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Deism and the Founding of the United States

Darren Staloff
Professor of History at the City College of New York and
the Graduate Center of the City University of New York
©National Humanities Center

In recent decades, the role of deism in the American founding has become highly charged. Evangelical and/or “traditional” Protestants have claimed that Christianity was central to the early history of the United States and that the nation was founded on Judeo-Christian principles. They point to the use of prayer in Congress, national days of prayer and thanksgiving and the invocation of God as the source of our “unalienable rights” in the Declaration of Independence. Secularists respond that large fractions of the principal founding fathers were not Christians at all but deists and the American founding was established on secular foundations. Their principal evidence is the strict separation of church and state they find embedded in the first amendment. They further cite the utter absence of biblical references in our principal founding documents and note that the God of the Declaration of Independence is not described in a scriptural idiom as “God the Father” but instead in deistic terms as a “Creator” and “supreme judge of the world.” Although both sides have some evidence, neither is persuasive. Ultimately, the role of deism in the American founding is just too complex to force into such simplistic formulas.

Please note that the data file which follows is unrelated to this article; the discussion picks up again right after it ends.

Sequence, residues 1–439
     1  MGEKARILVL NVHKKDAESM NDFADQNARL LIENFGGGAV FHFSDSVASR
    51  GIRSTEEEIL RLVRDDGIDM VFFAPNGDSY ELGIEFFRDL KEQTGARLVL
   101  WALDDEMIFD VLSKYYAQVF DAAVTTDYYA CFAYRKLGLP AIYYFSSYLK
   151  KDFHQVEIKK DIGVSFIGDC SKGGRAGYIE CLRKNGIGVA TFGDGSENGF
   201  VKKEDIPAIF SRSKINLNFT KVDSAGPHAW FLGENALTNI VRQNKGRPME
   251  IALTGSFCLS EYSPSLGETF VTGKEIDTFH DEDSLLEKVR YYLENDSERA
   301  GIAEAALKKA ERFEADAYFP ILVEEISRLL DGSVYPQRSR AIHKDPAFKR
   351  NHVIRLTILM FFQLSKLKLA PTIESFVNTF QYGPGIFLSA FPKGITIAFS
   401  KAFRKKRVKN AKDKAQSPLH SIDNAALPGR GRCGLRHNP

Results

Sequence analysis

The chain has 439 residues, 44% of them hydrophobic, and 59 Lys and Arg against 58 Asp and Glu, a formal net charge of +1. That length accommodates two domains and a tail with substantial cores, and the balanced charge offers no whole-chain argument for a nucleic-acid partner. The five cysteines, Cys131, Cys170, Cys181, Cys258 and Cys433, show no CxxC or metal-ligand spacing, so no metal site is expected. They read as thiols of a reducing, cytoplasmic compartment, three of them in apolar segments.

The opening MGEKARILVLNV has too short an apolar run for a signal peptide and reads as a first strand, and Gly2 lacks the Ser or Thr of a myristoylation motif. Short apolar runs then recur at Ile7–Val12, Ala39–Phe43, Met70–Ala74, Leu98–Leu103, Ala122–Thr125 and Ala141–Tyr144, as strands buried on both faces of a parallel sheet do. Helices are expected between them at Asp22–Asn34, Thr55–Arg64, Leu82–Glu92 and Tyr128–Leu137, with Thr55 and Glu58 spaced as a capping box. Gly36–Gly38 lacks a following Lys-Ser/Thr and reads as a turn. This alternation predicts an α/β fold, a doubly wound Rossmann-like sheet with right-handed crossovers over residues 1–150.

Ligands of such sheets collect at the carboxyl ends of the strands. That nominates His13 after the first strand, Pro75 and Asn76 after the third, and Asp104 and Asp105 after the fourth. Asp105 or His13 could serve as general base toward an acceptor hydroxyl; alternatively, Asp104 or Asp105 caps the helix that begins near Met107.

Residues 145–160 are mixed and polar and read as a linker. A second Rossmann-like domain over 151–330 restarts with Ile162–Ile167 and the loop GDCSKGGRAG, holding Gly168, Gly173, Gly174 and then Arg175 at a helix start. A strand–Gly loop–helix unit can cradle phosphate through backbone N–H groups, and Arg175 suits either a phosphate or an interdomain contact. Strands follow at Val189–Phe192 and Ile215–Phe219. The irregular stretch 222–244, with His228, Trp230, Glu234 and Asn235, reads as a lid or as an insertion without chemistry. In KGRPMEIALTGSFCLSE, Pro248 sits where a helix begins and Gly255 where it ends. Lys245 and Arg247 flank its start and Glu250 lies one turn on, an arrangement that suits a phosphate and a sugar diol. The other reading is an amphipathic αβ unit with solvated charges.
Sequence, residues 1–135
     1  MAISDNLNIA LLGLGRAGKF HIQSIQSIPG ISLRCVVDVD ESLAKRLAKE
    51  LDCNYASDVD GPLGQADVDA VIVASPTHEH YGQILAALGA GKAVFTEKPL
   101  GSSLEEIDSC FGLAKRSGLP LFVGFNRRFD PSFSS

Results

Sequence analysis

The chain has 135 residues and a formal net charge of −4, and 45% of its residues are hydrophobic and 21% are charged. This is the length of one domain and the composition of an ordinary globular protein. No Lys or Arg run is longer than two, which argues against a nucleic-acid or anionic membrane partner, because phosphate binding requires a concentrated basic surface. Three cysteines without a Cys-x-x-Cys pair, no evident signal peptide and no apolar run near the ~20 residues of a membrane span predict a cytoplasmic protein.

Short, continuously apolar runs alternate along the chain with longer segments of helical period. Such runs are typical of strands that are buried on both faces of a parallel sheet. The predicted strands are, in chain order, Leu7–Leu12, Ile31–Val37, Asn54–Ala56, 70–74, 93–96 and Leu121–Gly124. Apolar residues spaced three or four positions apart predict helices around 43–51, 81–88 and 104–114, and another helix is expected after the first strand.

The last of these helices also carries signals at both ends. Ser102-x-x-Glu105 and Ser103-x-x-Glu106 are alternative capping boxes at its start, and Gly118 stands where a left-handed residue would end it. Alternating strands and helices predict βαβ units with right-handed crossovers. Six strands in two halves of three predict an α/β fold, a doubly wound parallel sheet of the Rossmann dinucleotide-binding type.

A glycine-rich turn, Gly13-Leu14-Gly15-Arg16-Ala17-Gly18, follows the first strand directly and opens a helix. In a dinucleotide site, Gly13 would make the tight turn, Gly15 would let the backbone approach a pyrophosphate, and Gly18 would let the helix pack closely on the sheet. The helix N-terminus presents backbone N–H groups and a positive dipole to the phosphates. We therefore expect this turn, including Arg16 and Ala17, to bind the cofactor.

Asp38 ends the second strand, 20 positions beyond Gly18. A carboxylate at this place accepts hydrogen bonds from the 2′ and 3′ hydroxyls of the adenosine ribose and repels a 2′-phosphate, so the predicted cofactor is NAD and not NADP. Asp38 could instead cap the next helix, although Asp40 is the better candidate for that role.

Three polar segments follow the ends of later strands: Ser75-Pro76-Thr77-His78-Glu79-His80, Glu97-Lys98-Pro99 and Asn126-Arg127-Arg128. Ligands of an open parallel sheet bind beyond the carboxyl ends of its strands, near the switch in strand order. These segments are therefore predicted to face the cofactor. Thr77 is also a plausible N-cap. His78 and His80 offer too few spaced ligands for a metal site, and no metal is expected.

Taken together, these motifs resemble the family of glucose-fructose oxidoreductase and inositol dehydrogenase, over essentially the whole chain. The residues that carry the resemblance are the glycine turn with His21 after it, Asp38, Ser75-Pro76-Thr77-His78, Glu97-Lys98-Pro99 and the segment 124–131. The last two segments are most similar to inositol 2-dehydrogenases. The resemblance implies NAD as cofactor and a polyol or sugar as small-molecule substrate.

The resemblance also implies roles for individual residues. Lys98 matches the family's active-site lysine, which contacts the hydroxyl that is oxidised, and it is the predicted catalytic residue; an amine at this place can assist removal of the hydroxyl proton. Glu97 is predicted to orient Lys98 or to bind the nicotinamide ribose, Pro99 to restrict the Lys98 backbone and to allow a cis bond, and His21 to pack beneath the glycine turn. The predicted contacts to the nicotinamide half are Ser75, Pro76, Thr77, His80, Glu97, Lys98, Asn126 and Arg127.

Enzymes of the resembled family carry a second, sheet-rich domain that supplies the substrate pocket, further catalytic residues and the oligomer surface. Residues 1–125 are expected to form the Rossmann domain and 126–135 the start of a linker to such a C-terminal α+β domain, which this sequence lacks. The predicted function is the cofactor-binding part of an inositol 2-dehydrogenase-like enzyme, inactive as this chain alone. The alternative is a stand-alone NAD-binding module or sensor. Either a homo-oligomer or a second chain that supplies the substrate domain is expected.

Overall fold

Deism or “the religion of nature” was a form of rational theology that emerged among “freethinking” Europeans in the 17th and 18th centuries. Deists insisted that religious truth should be subject to the authority of human reason rather than divine revelation. Consequently, they denied that the Bible was the revealed word of God and rejected scripture as a source of religious doctrine. As devotees of natural religion, they rejected all the supernatural elements of Christianity. Miracles, prophecies, and divine portents were all proscribed as residues of superstition, as was the providential view of human history. The doctrines of original sin, the account of creation found in Genesis, and the divinity and resurrection of Christ were similarly castigated as irrational beliefs unworthy of an enlightened age. For Deists God was a benevolent, if distant, creator whose revelation was nature and human reason. Applying reason to nature taught most deists that God organized the world to promote human happiness and our greatest religious duty was to further that end by the practice of morality.